Space, Time and Architecture

From Wikipedia, the free encyclopedia
Jump to: navigation, search

Space, Time and Architecture: The Growth of a New Tradition is a book by Sigfried Giedion first published (by Harvard University Press) in 1941.[1] It is a pioneering[2] and influential standard history giving in integrated synthesis the background and cultural context of modern architecture and urban planning, set in their manifold cultural relationships "with other human activities and the similarity of methods that are in use today in architecture, construction, painting, city planning and science." [3] The book was immediately recognized for the author's "monumental and catholic curiosity which compels him to penetrate long neglected nineteenth century by-lanes and reveal to modern eyes their importance for an appreciation of the complex culture of that period and our own."[4]

The book had its genesis in the Charles Eliot Norton Lectures at Harvard University in the spring of 1938, and it was recognized from the outset as a series of related essays on seminal topics in the organization of human spaces, obtaining fresh insights, not from a panoramic survey, "but by isolating and examining certain specific events intensively, penetrating and exploring them in the manner of the close-up" as Giedion outlined his method.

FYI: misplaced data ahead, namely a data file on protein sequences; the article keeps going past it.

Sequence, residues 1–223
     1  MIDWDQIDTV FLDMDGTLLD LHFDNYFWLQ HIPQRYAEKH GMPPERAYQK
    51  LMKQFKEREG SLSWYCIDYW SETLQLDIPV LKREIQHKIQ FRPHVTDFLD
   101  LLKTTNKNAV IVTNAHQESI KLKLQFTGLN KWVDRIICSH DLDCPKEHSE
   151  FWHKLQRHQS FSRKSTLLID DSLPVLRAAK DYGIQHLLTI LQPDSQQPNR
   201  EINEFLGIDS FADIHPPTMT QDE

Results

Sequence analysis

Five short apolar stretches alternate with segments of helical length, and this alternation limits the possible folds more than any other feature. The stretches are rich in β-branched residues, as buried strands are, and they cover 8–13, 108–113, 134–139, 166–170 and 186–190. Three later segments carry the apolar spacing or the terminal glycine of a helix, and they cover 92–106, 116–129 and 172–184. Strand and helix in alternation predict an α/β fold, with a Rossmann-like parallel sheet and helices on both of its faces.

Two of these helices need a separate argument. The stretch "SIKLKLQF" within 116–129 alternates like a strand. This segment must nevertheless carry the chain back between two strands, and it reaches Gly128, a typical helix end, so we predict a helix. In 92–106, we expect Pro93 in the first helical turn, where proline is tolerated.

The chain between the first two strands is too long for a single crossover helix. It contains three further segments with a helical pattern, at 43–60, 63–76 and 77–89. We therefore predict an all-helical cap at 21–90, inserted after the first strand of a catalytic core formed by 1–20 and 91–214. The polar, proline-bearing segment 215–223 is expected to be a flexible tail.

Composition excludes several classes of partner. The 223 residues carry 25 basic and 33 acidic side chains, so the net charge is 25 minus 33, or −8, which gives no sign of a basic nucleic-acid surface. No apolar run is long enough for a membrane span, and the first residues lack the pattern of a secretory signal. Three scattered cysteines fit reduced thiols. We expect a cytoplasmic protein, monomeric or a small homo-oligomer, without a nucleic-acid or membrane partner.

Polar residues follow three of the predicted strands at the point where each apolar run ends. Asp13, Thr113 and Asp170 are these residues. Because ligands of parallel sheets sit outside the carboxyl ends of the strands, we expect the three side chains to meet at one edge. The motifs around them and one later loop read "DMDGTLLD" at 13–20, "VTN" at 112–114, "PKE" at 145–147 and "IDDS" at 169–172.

References[edit]

  1. ^ Ashley Montagu, reviewing the first edition in Isis 33.5 (March 1942), pp. 640-641, found it, in spite of omissions as a work of cultural history, "the offspring of a mind which is at once mystical and intuitive, technological and artistic".
  2. ^ "Here was architectural history as it had never been written before," recollected Marcus Whiffen, in reviewing the fourth edition in Journal of Architectural Education 17.1 (October 1962), p. 16.
  3. ^ Giedion, "Preface".
  4. ^ Turpin C. Bannister, in an extended review of the first edition in The Art Bulletin 26.2 (June 1944), pp. 134-138.